There’s a lot to like in Porzingis. He could be special (we don’t know yet, we see only the potential). But idolizing Kobe — and if you understand the work he put in, the passion for the game — can be a good start.

(Hat tip NBA reddit)

Warriors’ interim coach Luke Walton’s car stolen

Luke Walton

If you’re looking for a “when are things going to go wrong for the Warriors” moment, we have one for you. But it may not be what you had hoped for.

Warriors’ interim head coach Luke Walton — the guy on the sidelines for the 15 (soon to be 16) game winning streak — had his car stolen during a crime spree, reports

One of the cars stolen during an Oakland Hills crime spree belongs to Golden State Warriors coach Luke Walton, Alameda County District Attorney Nancy O’Malley said late Monday.

Walton’s Mercedes Benz was stolen Tuesday by two suspects, who police believe are also responsible for a violent attack on a 75-year-old woman outside her home on Thursday. The suspects also took the woman’s car during the attack, according to police.

Yikes. That’s serious.

I’m sure Steve Kerr has like 14 cars, he can loan one to Walton.

Pacers guard George Hill returns Tuesday against Wizards

Paul George, Marcus Morris
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WASHINGTON (AP) — Pacers guard George Hill returned to the lineup Tuesday night against Washington after missing three games with an upper respiratory infection.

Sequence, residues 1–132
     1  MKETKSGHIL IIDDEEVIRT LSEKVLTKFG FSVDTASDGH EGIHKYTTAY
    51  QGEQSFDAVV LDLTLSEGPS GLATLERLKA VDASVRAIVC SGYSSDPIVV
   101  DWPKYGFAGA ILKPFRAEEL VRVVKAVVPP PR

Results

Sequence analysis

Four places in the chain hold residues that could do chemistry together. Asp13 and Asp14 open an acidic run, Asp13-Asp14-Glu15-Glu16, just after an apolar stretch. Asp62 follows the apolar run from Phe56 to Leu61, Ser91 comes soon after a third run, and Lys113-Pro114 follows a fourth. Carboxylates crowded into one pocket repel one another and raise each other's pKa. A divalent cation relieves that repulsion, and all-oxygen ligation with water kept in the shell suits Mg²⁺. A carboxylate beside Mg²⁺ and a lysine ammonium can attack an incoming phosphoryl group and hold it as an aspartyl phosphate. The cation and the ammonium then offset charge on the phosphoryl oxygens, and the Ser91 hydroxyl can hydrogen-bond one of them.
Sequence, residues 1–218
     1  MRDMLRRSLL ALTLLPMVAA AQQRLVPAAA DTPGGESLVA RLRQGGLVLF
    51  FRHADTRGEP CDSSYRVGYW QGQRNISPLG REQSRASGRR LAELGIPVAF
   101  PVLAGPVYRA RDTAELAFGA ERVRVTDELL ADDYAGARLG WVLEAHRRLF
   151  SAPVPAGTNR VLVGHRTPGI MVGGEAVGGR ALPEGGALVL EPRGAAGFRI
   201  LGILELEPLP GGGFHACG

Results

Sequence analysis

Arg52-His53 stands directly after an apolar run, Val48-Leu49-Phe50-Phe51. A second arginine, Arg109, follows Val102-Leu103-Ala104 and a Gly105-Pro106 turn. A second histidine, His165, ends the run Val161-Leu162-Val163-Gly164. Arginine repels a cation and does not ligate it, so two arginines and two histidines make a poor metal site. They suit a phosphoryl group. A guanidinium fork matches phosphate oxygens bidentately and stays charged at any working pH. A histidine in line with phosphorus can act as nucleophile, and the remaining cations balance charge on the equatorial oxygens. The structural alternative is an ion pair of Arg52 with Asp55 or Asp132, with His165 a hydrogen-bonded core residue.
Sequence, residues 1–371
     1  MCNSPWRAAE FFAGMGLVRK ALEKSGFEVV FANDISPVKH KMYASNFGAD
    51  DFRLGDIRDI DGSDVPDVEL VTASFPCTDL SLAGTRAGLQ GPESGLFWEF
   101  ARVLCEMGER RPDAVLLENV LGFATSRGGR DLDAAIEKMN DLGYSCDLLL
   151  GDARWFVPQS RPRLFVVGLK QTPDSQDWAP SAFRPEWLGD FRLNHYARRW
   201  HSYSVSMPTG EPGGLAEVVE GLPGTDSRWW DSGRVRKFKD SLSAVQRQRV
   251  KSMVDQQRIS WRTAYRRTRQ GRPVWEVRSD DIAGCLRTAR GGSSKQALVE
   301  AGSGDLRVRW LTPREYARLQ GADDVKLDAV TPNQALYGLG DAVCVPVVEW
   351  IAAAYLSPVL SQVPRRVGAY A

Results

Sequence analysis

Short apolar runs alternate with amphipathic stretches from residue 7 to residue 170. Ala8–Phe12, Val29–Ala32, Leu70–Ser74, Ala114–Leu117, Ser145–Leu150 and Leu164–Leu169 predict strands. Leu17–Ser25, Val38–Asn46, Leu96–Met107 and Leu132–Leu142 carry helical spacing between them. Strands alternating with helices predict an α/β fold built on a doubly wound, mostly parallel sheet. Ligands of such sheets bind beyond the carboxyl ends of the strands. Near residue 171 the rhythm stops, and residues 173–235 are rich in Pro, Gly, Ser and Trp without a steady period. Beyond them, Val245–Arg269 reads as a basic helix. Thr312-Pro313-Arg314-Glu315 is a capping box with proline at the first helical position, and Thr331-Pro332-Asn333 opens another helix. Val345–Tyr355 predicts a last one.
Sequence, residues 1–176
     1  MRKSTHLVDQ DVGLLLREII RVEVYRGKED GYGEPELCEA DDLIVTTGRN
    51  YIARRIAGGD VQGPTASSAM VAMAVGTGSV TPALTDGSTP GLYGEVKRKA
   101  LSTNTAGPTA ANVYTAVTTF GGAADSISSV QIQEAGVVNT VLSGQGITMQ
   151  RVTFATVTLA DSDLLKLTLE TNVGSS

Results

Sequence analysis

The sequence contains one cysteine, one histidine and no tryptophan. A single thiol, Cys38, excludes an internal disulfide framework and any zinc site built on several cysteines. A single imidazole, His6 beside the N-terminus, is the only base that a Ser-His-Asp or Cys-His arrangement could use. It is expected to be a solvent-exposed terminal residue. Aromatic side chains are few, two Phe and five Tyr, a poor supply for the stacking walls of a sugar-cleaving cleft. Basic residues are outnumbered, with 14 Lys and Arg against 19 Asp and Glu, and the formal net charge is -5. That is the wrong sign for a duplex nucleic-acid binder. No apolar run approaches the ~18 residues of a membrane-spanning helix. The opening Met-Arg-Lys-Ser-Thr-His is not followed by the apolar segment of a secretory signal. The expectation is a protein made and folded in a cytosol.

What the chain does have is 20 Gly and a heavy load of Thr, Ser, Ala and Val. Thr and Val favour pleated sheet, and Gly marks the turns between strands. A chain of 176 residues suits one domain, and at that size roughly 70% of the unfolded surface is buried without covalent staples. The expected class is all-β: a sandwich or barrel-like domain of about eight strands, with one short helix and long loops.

Hill is averaging 14 points and just under 37 minutes in 10 games this season. He was on the bench in case of emergency in Saturday’s victory over Milwaukee.

Coach Frank Vogel said Tuesday Hill’s infection had improved “to the point where he’s fine to play,” but would keep an eye out for fatigue after an 11-day layoff.

Hassan Whiteside on intentional fouls: “It’s not working, so keep fouling me”

Hassan Whiteside

Remember how Adam Silver was preaching that the league didn’t want to change the intentional foul rule — the hack-a-Shaq strategy — because it was really about two players (DeAndre Jordan and Dwight Howard) and a handful of others now and then. The fact that it’s not basketball didn’t matter.

Well, it’s not just two — Miami’s Hassan Whiteside has gotten the treatment this season. He’s a 53.4 percent free throw shooter this season.

And he says bring it on. From Jason Lieser of the Palm Beach Post:

“I’m enjoying this,” he said. “Foul me so I can get a double-double and we can win. It’s not working, so keep fouling me.”

He’s even smart at not getting fouled.

Whiteside also is liking that teams are looking at their options against the best defense in the NBA — yes, Miami at 94 points allowed per 100 possessions, is the best defense in the NBA right now — and deciding to attack Whiteside.

“There’s teams that’s out there that say ‘Stay away from Hassan,’ and there’s teams that say, ‘We don’t care if Hassan’s down there. Attack Hassan.’ I love them teams that do that. God bless them coaches. I love them teams.”

Whiteside is not as great a defender as the block totals would indicate — if he doesn’t see a block in it, his rotations can be a bit slow. One scout recently called him a selfish defender to me recently, suggesting he is in it for the numbers, not the sacrifices needed for an elite defense. True or not, the Heat have an elite defense and Whiteside is at the heart of it.

And if the strategy is to try to exploit him, Whiteside plans to make people pay.